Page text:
BC: NDP – 38%, Conservatives – 27%, Liberals – 29%
IN a random sampling of public opinion taken by the Forum Poll among 1392 Canadian voters, just more than one third will vote NDP in the coming federal election (34%), while just more than a quarter will vote Conservative (28%) or Liberal (27%). Few will vote Green (4%) or Bloc Quebecois (6%) or for anyone else (1%).
These findings stand in contrast to last week, immediately after the election was called, when as many as 4-in-10 were prepared to vote NDP (39%) and just one quarter were voting Liberal (25%). The Conservative vote has not changed since then (August 2 – 28%).
If these results are projected up to the new 338-seat House of Commons, the NDP would take 125 seats to 120 seats for the Conservatives. The Liberals would capture 89 seats, the Bloc would seat 3 members and the Greens would retain their single seat.
NDP Leader Tom Mulcair at 28% has a slight lead as to who would make the best Prime Minister as compared to 25% for Conservative Leader Stephen Harper and 23% for Liberal Leader Justin Trudeau.
NDP lead in BC, Quebec, tied in Ontario
* The three main parties are at parity in battleground Ontario; NDP – 33%, Conservatives and Liberals – 31% each.
* The NDP leads in Quebec (37%), outstripping the Liberals (22%) and the Bloc (21%).
* In the Liberal fortress of Atlantic Canada, the Liberals lead (41%), while the NDP (28%) and the Conservatives (25%) are tied.
* In the prairies, the Conservatives lead (43%) and the Liberals (27%) and NDP (26%) are tied for second.
* In Alberta, the Conservatives are dominant (44%), and the NDP are a distant second (32%).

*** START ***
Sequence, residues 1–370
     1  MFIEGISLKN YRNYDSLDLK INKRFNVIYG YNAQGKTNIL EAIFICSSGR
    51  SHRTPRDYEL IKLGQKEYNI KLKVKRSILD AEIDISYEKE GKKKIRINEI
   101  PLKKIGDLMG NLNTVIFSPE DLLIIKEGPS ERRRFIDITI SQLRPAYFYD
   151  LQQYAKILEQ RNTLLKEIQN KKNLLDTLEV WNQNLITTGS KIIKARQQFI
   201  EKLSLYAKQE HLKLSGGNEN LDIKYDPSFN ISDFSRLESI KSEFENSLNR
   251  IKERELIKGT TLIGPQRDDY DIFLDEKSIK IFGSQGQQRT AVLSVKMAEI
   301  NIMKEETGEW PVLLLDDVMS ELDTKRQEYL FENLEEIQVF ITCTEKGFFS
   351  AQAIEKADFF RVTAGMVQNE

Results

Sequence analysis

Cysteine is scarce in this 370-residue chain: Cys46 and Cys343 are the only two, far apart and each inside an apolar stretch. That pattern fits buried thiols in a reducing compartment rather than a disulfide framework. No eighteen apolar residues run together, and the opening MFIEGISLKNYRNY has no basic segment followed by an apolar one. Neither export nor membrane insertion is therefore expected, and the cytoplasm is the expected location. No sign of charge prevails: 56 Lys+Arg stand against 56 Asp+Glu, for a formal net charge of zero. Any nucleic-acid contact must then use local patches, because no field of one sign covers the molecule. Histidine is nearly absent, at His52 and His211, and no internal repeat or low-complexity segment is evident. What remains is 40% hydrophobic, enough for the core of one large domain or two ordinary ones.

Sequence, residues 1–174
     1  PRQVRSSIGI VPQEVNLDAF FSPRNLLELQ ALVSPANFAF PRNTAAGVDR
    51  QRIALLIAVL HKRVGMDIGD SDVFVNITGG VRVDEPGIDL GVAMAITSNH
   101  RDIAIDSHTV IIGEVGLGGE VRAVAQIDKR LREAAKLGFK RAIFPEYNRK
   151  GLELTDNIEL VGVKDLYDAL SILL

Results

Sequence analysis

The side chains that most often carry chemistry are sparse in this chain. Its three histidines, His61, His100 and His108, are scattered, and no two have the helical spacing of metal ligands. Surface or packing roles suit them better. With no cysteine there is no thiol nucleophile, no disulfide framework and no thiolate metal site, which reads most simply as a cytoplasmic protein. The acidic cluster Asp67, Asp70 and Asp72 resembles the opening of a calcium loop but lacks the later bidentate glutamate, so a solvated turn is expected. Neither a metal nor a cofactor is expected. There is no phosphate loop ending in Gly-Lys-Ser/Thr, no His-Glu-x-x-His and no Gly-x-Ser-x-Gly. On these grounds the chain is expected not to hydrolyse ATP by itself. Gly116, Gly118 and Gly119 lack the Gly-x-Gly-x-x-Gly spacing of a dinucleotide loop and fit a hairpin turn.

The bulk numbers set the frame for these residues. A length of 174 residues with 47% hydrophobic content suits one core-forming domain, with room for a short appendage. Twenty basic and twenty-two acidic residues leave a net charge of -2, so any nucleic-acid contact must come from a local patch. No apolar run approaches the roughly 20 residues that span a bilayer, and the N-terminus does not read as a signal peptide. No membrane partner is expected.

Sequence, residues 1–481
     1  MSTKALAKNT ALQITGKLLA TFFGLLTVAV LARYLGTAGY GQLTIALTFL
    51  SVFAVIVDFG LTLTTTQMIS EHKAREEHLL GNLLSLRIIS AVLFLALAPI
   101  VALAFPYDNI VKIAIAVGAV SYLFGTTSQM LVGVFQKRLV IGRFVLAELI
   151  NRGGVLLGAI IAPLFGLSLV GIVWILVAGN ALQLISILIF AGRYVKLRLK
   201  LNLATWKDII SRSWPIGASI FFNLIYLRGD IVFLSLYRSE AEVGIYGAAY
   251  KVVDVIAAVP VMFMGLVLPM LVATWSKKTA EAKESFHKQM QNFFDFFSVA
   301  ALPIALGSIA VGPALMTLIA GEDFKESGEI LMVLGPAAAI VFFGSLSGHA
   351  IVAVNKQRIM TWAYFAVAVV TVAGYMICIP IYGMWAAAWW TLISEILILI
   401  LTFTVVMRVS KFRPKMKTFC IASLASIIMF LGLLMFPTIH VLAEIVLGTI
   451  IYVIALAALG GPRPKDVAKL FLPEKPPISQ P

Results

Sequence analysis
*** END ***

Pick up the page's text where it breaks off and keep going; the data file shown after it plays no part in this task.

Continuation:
* In BC, the NDP lead (38%) and the Conservatives (27%) and Liberals (29%) are tied in second.
Gender gap persists for Conservatives
While one third of males will vote Conservative (33%), fewer than a quarter of females will do so (23%). In the case of the Liberals, the gap goes the other way (24% males, 31% females). The NDP has an even gender distribution (33% and 34%, respectively). The oldest are especially likely to vote Liberal (65+ – 34%).
3-in-10 past Liberals will vote NDP
Three-in-10 voters who picked the Liberals in 2011 will vote for the NDP this time (30%), while one fifth of past NDP voters will opt for the Liberals (19%). About one tenth of past Conservatives will vote either Liberal (12%) or NDP (11%).
New Democrats least committed voters
While 7-in-10 Conservative voters are strong supporters of their party (70%), and 6-in-10 Liberals are as well (61%), just more than one half of New Democrats are strong supporters (54%).
Conservatives, NDP equally likely to win – voters
Expectations of victory are tied for the NDP and the Conservatives (30% each), while the Liberals trail (22%). Conservatives are most convinced of their party’s eventual victory (81%), while New Democrats (66%) and Liberals (60%) are less sure. One sixth of Liberals think either the Conservatives (14%) or NDP (15%) will win, while about 1-in-10 New Democrats think either the Conservatives (12%) or Liberals (11%) will win.
Harper and Mulcair tied for economy
Stephen Harper is tied with Tom Mulcair (30% to 29%) for who could handle the economy best, and Justin Trudeau lags slightly (26%).
Harper is clearly preferred for national security (35%) to Mulcair (26%) or Trudeau (21%), and he is also preferred for foreign affairs (31%), while Mulcair (26%) and Trudeau are tied (27%).
Tom Mulcair is clearly seen to be the best for handling the environment (36%), trailed by Trudeau (25%) and, distantly, by Harper (15%).
“It appears last week’s bump for the NDP wasn’t just giddy exhilaration brought on by the election call. People have had more than a week to absorb this campaign, to watch the candidates and fill up on the media, and they’re sticking with the progressive alternative. Among the signs this isn’t temporary are that Tom Mulcair is equally likely to be seen as the best steward of the economy as the Prime Minister, who has always owned that measure himself,” said Forum Research President Dr. Lorne Bozinoff.